Binary Bias: Recoding Women's Place in Technology

04/17/2015 02:13 pm ET | Updated Jun 17, 2015

How do you solve a problem like Maria, especially when our hypothetical heroine has a knack for computer science and radiates all of the key qualities of a technology leader? By all accounts, Maria solves a lot of critical problems on her own.

In every aspect of work, from product development to executive management, Maria faces an uphill battle in an industry where men often outnumber women five-to-one in the roles she's best qualified to take. Outright discrimination, sexual harassment and a laundry list of subtle, gender-belittling tactics so prevalent in the "brogrammer" culture may discourage Maria in the early stages of a promising technology career or, worse yet, keep her from pursuing one altogether.

Stories on gender disparities at technology companies are now so frequent that continued inaction risks public desensitization to the issue. There's even a new documentary, CODE: Debugging the Gender Gap (premiering at the TriBeCa Film Festival this weekend) that investigates and confronts the problem head-on. And in light of the recent Gamergate debacle, we can no longer ignore these issues. The social identity and imbalanced gender overlaps of gamers and developers are too similar to dismiss.

We know why otherwise capable women abandon technology careers or encounter disproportionate hurdles to advancement in a coding-centric workplace. We recognize all of these symptoms as they metastasize from the classroom to the boardroom. Now we must decide how to fix this broken code, something Maria understands all too well.

The Silicon Ceiling


Infographic: Percentage of Women in Leadership Roles at Nine Tech Companies (Source: Fortune, August 29, 2014)

While staggering, this infographic paints an incomplete picture of the gender disparities at some of the world's largest tech firms. In January, Fortune analyzed both leadership and tech teams at eBay, Apple, Microsoft, Google, LinkedIn and Twitter and revealed that things haven't gotten any better. Women still only make up between 28 and 17 percent of leadership at these companies and tech teams fall into the disconcerting range of 24 percent (eBay) to 10 percent (Twitter) women.

Despite a growing public awareness of these matters, far too many investigative reports on gender imbalance in technology drown in a sea of negative press on the failures -- perceived or real -- of women who run these firms. Does Marissa Mayer take more heat for Yahoo's perennially awful performance than she deserves? It's not like she took the reins of a thriving company and singlehandedly ran it into the ground. Yet, it's hard to find articles that lambast her predecessors with the same vitriol.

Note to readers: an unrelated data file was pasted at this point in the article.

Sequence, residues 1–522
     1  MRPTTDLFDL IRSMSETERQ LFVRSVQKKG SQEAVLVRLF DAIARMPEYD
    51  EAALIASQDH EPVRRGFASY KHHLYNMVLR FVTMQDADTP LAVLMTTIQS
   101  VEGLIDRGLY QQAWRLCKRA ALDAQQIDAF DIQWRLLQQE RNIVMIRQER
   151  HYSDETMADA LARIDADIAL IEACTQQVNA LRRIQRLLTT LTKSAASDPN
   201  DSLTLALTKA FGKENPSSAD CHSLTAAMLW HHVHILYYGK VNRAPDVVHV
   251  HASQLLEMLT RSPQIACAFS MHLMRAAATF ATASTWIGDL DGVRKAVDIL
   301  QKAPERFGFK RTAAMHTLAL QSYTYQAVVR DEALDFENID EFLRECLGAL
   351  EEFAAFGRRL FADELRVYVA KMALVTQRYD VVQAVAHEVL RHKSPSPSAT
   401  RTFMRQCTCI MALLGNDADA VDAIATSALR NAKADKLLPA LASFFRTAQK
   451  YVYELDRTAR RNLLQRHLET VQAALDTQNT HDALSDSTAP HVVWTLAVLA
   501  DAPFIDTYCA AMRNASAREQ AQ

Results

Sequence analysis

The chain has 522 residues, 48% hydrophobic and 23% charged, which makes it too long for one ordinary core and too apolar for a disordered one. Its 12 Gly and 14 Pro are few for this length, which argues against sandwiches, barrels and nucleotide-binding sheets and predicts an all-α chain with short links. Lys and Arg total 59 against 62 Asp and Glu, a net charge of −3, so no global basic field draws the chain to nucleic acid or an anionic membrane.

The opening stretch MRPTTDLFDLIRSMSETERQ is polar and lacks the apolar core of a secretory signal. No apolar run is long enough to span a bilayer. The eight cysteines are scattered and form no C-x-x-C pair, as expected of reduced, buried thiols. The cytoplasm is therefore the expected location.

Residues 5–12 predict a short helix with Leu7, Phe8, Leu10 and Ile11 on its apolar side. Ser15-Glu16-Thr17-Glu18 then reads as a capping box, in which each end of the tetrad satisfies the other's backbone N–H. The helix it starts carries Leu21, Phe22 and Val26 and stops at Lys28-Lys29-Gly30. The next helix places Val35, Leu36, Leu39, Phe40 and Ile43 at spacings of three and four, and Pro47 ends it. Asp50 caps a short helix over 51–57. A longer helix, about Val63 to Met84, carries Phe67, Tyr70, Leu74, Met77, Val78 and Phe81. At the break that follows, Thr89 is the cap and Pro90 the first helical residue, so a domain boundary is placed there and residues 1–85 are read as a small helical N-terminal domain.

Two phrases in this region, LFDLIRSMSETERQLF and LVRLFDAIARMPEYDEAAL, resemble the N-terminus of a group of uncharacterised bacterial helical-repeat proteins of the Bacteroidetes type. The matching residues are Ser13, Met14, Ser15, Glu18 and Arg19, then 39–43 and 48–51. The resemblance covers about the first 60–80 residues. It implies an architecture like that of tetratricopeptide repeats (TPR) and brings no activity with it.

Look also at Lean In and "Ban Bossy" founder Sheryl Sandberg, who receives perhaps as much praise as criticism for these campaigns. Seriously? These initiatives are designed for the express purpose of gender inclusion, equality and advancement in school and the workplace. Disproportionate coverage focuses instead on what they may or may not get wrong, which, by any objective measure, pales in comparison to what they get right.

Right now, all eyes seem to be on Ellen Pao, the former technical chief of staff / junior partner at Kleiner Perkins who just lost a major sexual discrimination lawsuit against the Silicon Valley VC giant. As the current CEO of Reddit, Pao could usher in a new era of gender equality at a company notorious for user-generated forums that promote misogyny, violence against women and nude pictures of women posted without consent. To her credit, Pao has removed salary negotiations from the company recruitment process, which disproportionately benefit men over women, and officially banned the aforementioned non-consensual photos from the user forums. She will nevertheless endure vehement criticism for initiatives that serve only to increase equality, inclusion and safety for women.

Crashing the Program


I'm both encouraged and dismayed that my company, Stride, posts a two-to-one gender leadership ratio. Encouraged because that ratio represents two women for each man, not the other way around; dismayed because we're notable outliers in the tech world. And I didn't have to move mountains to get where we are today. For starters, I asked myself and others the following questions in order to promote gender equality in the recruitment process. Debugging the gender gap starts with the approach companies take to bring new employees through the door. Every technology executive can and should address these questions before attempting to resolve issues of workplace gender diversity:

  1. 1) When a new applicant begins the recruitment process, approximately how many people will she interact with and what are their roles?
  2. 2) Do these people represent the company as a whole or just what you believe the candidate wishes to see?
  3. 3) Will the candidate feel welcome as she is or can you imagine any circumstances that would make her uncomfortable with the process?

It should go without saying that honest feedback from the candidates themselves will make the process even better. Don't forget to ask for it! You'll probably learn more from their answers about improving gender inclusion than any boardroom discussion can teach you.